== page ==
Austria is letting shops open again as it relaxes its coronavirus lockdown, while universities in the U.S. are taking measures to combat the economic impacts of the virus. Here are the latest updates on COVID-19.
Austria, one of the first European nations to relax a coronavirus lockdown, has let thousands of stores open again, Reuters reported.
One florist said per the report, “I am incredibly relieved, both for my colleagues and for myself because it was a very, very long time for us, and above all an uncertain time.”
Some, however, are raising worries that a relaxation in the rules could bring about a virus resurgence.
The government had detailed a plan to open portions of the economy again, which would begin with stores that are a maximum of 4,300 square feet. Bigger stores, hairdressers and shopping centers are scheduled to follow beginning May 1.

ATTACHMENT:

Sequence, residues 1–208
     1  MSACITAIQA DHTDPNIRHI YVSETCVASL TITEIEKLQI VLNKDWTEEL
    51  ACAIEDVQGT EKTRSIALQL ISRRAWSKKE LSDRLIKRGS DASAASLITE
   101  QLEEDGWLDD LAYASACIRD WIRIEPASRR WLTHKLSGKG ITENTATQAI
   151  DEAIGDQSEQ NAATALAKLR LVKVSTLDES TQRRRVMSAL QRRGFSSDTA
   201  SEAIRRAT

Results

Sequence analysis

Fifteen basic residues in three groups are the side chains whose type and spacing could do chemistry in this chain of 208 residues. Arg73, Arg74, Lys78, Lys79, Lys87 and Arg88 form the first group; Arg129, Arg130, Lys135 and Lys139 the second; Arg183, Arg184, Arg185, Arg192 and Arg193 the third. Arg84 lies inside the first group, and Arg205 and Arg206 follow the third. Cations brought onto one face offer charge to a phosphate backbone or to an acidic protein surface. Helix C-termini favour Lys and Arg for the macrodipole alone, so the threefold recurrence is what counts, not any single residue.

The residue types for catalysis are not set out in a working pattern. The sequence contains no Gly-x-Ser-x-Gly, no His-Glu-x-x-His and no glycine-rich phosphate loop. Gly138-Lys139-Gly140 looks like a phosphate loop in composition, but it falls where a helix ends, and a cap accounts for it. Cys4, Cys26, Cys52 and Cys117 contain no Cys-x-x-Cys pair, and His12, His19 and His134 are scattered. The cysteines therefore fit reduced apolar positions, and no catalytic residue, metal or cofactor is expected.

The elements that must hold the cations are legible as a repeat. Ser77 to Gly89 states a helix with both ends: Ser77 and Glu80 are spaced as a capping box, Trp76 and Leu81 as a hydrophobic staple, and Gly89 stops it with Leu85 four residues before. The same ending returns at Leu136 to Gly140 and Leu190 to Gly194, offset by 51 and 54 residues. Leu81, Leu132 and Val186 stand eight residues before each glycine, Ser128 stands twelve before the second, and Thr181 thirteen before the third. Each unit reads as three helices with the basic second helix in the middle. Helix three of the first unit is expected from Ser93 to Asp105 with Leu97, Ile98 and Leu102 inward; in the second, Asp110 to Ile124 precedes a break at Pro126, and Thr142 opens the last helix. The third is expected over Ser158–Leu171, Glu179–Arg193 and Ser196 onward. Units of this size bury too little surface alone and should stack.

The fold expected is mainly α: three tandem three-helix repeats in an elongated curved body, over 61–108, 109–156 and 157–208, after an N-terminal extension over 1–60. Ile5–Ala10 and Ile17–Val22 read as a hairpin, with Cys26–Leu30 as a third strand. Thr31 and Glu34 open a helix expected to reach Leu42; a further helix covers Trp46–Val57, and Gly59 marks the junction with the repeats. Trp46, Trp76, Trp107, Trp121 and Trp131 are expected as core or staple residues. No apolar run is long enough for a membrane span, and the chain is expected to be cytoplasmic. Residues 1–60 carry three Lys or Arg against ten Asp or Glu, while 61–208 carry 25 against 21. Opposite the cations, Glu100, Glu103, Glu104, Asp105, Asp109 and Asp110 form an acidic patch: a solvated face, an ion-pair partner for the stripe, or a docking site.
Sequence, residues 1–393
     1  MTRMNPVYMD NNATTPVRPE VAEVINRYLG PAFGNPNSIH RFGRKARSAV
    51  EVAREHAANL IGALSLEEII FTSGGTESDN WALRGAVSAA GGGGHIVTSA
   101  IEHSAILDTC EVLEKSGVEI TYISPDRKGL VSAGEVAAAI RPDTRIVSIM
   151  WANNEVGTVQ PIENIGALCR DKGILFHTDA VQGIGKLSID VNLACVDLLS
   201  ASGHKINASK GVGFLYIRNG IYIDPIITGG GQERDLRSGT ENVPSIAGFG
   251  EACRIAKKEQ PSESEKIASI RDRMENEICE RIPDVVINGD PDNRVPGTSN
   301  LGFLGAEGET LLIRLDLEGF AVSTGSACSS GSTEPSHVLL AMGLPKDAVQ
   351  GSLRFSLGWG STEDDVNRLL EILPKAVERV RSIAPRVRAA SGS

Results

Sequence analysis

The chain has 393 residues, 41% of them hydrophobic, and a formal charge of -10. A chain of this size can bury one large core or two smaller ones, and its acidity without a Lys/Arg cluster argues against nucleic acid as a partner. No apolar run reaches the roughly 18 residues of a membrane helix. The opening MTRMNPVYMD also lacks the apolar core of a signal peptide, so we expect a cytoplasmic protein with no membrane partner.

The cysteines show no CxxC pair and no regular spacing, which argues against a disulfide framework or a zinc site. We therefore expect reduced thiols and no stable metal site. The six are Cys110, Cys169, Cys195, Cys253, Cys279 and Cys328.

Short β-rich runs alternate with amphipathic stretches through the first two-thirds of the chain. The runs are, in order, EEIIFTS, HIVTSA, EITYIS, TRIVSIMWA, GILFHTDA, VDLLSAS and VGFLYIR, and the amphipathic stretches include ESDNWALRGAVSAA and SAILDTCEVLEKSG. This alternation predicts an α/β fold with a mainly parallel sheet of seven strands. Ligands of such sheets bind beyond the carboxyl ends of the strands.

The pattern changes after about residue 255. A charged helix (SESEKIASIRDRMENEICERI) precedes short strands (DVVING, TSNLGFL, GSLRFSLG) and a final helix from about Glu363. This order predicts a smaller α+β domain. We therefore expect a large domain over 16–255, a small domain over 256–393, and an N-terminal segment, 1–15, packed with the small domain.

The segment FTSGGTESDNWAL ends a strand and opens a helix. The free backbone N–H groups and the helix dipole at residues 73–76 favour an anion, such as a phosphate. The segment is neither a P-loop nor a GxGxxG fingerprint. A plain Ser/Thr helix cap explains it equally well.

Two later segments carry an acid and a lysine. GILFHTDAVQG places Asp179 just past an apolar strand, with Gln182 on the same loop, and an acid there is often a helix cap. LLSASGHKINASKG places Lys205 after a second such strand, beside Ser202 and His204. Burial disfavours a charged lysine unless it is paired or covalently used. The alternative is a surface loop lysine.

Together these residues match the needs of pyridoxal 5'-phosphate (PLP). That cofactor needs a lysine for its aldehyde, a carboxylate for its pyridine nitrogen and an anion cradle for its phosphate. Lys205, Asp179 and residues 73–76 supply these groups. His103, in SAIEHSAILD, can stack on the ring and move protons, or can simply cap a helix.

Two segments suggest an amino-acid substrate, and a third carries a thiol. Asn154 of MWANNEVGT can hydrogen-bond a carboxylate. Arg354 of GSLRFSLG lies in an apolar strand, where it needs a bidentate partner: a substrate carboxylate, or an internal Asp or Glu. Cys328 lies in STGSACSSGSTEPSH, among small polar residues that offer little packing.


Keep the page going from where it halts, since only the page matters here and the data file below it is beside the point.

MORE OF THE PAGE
Austria, for its part, took early action to shutter eateries, schools and theaters, among other venues about one month ago. It instructed the public to remain in their residences and work from home if that was an option.
In other news, Harvard University is putting into place a freeze on wages and hiring, postponing select capital projects and canceling or holding off on discretionary spending because of the coronavirus’ economic impacts, CNBC reported. The educational institution noted that the wage and hiring freeze are for exempt employees.
President Lawrence Bacow, along with Provost Alan Garber and Executive Vice President Katherine Lapp, said in an email per the report, “While many decisions and choices will come into sharper focus in the future, it is already clear that we need to take some actions immediately to align our spending with the decline in our revenue.”
Bacow, Garber and Lapp are reportedly taking 25 percent reductions in salary.
Harvard is among many other schools that are encountering financial stresses because of the pandemic. The University of Southern California also cut back on the wages of its senior officials, while Stanford University put into place a pay reduction for its president and provost.